So what do I do, actually? How do I contribute to the relief, the recovery, the rehabilitation and the rebuilding of Haiti? As you know, I work for Save the Children, which is one of the biggest NGOs in the world, and an important player in those post-emergency activities listed above. My official title is Emergency Team Leader, which means that I am in charge of the lap top tribe, and everything that is related to this tribe, currently some 70 international staff and over 700 national recruits. The tribe has been flown in to respond to the post-earthquake needs, as opposed to the regular development program that was underway pre-earthquake, and was managed by the Country Director and his relatively small team. This has resulted in a rather dysfunctional organisation, at present, with multiple heads - one of them being me -, but all of them pretty powerless, as the real decisions are being made in the Head Office in the US. What hasn't helped either is that many of the tribe representatives initially were short term only, weeks rather than months. Luckily, now we get people for longer periods, which creates more stability and continuity, but in the beginning the staff turn-over was enormous. Obviously, in the long term we need to merge all the activities into one integrated program, but for the time being everything here is still totally focused on the fall-out of the earthquake - even though the attention in the rest of the world may have waned somewhat.
Right, so what do I do, then? I talk to people a lot, both inside the organisation and outside. Inside means not only the tribe in Haiti, but also Head Quarters, Regional Office, and representatives from many of the Save the Children organisations around the world, the so-called Members. All these members have their own agenda, there own slightly different focus, and thus want to see their own pet projects represented in the Haiti post-emergency program. Mmmmm. Luckily, I have a good buffer-department in HQ that filters many of the demands before they reach us in Haiti (I have to say this, because my buffer has discovered this blog, and I know she is reading it.... but really, it works very well).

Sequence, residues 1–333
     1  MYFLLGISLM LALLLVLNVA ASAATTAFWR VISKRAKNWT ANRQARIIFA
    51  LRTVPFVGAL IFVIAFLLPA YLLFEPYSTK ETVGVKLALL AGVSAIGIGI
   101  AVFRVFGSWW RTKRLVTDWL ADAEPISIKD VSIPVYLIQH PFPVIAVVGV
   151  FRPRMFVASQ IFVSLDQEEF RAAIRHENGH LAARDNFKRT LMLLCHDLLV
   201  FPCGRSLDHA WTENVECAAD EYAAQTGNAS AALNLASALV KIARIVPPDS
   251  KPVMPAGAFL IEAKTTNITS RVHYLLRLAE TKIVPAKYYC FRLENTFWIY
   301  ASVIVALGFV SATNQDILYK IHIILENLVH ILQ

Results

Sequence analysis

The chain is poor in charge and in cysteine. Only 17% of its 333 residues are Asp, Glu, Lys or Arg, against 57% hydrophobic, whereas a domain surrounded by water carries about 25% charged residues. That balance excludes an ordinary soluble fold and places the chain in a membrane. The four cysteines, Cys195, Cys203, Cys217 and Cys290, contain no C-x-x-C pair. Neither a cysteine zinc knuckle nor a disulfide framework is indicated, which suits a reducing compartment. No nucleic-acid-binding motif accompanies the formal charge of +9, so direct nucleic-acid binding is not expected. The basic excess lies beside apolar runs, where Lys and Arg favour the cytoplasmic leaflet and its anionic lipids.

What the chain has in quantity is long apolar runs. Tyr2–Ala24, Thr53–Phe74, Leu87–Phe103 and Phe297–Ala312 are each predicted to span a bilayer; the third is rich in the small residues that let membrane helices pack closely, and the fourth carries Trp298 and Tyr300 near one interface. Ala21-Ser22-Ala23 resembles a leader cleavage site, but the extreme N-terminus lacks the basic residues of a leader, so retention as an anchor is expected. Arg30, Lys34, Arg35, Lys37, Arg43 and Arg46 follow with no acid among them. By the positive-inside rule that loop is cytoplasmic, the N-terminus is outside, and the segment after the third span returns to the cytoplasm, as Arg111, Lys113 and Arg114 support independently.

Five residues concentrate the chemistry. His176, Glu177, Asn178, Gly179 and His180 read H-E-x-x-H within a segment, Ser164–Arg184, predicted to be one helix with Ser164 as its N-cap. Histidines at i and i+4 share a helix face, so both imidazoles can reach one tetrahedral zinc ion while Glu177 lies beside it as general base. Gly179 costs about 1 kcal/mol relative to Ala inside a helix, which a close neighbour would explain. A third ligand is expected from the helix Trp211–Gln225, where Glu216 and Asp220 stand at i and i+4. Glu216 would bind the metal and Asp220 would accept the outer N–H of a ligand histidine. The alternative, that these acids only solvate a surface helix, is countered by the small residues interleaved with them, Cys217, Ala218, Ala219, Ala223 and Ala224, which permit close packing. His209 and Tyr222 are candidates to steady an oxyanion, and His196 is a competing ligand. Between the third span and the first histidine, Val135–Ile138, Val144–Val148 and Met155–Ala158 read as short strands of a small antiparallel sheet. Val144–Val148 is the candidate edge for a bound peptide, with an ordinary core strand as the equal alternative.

I also spend a lot of time outside, in meetings within the UN cluster framework, and meetings of the Humanitarian Country Team, the heads of the seven biggest NGOs and the seven most important UN agencies. In doing so we all hope to be able to influence some of the inititives that are being taken, for instance with respect to relocation of people from the camps, or the strategy for food distribution I talked about earlier. Many of these meetings take place in what is called Logbase, the logistics hub of the UN near the Port-au-Prince airport. Quite a place! Some buildings already existed, set up by the MINUSTHA forces before the earthquake, but it has grown dramatically since, and is now stacked with porto-cabins, large meeting tents, hangers and warehouses, and make-shift offices for probably well over 2000 people. And apparently there is also a small liquor store, which I - I know it sounds incredulous - have not yet discovered.
And then there is the representation, of course - the description of which I will take off-line, for the time being.
In between all these internal, external and representational meetings I read my e-mails, and I spend time on the telephone. Given the quality of the local network, I have two telephones, hoping that at least one of them is working at any one time, and since a few weeks I have an American telephone number Blackberry - the most reliable connection, I must say. If my right leg vibrates, I have a local call, if my left leg vibrates I have received another email. To complete my communications set, I also walk around with a VHF handheld radio hanging from my belt. This is really only for internal use, calling cars and the like when we need to be picked up, and for security, but some of our staff have taken to this with gusto, and run around as full-time crisis managers, talking in their radios all the time. Toys for the boys, and for some of the girls, to be sure.
What else do I do? I keep other people from fighting (although, to be honest, I also initiate the occasional fight), I try to make our operations more efficient, more cost-effective, by trying to retain the oversight of what is a really complex set of activities, I try to make sure we have the right people in the right places, without too many gaps. And I try to make a start with this integration process that I talked about before. The earlier we prepare this organisation for the long haul that the rebuilding of Haiti is undoubtedly going to be, the better. Once that integration process is well under way, it will be time for me to leave again, I think, then I have done my job. And hopefully contributed somewhat.